At Madrid's Banco Bilbao Vizcaya Argentaria, Pedro Luis Uriarte would love to be the first chief executive to make a major transborder bank merger in Europe. So would his crosstown rival, Angel Corcostegui, CEO of Banco Santander Central Hispano. Having carved up Spain and Latin America between them, the pair are now making the whole Continent their battleground.
Santander is ahead on points. It snapped up control of two Portuguese banks on Nov. 11 following a bruising political battle. Now it plans to as much as triple its 5% stake in France's third-biggest bank, Societe Generale, and might end up with 30% of London's Natwest Bank. Meanwhile, Bilbao Vizcaya wants a strategic alliance with Italy's UniCredito Italiano. "We're going to see operations that were barely imaginable a few years ago," says Uriarte.
The dueling Spaniards have stolen a march on slower competitors in Germany, France, and Italy, who are still biting their nails over domestic mergers. Santander and Bilbao Vizcaya, both products of local mergers, have been there, done that. Now, says Scott Bugie, director of financial institutions at Standard & Poor's in London: "They are flexing their muscles."
DEEP POCKETS. And what muscles. The strapping Spanish banks are slashing costs. Expected returns on assets next year are over 20%, and they're cash-rich, with war chests of about $10 billion each.
Above all, the Spaniards are the first to challenge Europe's long taboo against big transborder mergers--and win. Santander's Corcostegui threw down the gauntlet to Portugal's political Establishment with a bold bid for control of four banks owned by the Champalimaud group. The central bank tried to scuttle the deal. But after European Commission competition referees stepped in, Santander won control of Champalimaud for $2.2 billion. "Champalimaud was a test case. From this moment on, Europe is not the same," says Inigo Lecubarri, a bank analyst at Salomon Smith Barney in London.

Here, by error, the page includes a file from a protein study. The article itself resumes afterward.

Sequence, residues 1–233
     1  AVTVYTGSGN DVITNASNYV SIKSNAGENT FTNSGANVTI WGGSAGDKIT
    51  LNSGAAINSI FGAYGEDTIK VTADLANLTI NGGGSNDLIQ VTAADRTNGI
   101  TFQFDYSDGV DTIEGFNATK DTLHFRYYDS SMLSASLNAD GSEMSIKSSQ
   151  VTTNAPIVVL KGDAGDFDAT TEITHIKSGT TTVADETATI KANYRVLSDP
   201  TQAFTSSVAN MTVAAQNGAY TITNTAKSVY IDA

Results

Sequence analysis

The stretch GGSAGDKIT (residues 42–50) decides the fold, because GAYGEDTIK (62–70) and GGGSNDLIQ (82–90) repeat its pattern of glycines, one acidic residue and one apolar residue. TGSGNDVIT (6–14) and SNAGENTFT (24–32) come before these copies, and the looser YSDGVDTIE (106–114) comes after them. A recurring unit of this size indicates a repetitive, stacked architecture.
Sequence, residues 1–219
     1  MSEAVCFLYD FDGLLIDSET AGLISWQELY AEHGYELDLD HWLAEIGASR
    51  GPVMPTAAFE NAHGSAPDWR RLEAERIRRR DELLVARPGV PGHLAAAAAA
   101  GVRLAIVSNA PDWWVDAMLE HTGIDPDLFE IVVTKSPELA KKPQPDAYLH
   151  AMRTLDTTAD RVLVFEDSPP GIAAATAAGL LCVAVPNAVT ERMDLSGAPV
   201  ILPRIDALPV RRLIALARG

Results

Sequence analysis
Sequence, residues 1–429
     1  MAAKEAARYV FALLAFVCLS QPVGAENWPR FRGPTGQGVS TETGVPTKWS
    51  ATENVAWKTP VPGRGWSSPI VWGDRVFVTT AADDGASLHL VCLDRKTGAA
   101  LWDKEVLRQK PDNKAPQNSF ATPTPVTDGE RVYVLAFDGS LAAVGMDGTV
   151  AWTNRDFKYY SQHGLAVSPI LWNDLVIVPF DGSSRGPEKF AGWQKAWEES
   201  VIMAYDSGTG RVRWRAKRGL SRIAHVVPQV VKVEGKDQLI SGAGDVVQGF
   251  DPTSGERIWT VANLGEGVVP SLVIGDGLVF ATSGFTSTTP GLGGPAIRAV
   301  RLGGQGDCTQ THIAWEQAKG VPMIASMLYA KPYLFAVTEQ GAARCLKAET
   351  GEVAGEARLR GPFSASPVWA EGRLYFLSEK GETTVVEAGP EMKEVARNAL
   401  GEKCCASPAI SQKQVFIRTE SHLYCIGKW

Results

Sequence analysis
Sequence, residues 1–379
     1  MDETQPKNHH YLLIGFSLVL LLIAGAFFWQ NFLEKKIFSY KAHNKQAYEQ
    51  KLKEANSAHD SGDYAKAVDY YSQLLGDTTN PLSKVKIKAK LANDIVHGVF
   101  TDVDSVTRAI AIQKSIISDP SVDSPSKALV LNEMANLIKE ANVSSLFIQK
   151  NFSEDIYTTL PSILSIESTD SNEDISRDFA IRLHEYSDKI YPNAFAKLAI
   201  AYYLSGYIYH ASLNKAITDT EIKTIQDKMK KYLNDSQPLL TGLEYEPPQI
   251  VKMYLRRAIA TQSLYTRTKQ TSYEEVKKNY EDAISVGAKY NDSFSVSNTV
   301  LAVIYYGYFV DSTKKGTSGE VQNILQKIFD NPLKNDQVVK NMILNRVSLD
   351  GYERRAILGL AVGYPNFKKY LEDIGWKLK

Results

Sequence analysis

Yet political sensitivities run high against foreigners wolfing down national champions and spitting out local jobs. So hostile bids like the one for Champalimaud are likely to remain rare. And the Spanish marauders are adapting their tactics, especially in bigger markets with larger prey, such as France and Italy. "It's like crossing a frozen lake," says Luis Abril, a managing director at Santander. "You have to proceed slowly, with an icebreaker." They are are aiming to develop friendly alliances through cross-shareholdings as a prelude to full mergers.
That's precisely what Bilbao Vizcaya's Uriarte wants to do with UniCredito. "The final goal is to merge the Spanish and Italian banks into a European bank in two or three years," says a UniCredito official. "This agreement will be something totally new--a bank that has no nationality." Meantime, Santander is eyeing alliances in Italy and France.
Of course, if they start pulling off megadeals, Santander and Bilbao Vizcaya won't have the field to themselves for long. Indeed, Dutch banks ING Bank and ABN-Amro Holding are eager to be in the forefront of European banking consolidation. ING is attacking the Spanish on their home turf through an online bank called ING Direct. And there are rumors, which ING officials dismiss, that it may try to grab control of Credit Commercial de France. Bank insiders say ING rebuffed a recent approach from ABN-Amro about a merger.
MISSTEPS. The Dutch banks have tried, so far without success, to mold a smattering of stakes they have in other European banks into a cohesive European network. But outside the small Benelux market, they have been stymied repeatedly. ABN-Amro was rebuffed when it tried to take over Belgium's Generale Bank and France's CIC.
But Santander's breakthrough in Portugal heralds significant change. The approach of cooperating first and talking deals later might just be the way to negotiate the political minefields of transborder mergers. While waiting, says Uriarte, "[we] will improve our sex appeal."
He may be right. Faced with hostile raiders from the U.S., Britain, or Germany, weaker banks in France and Italy might find an agreed-upon deal with a Spanish suitor a far more attractive proposition.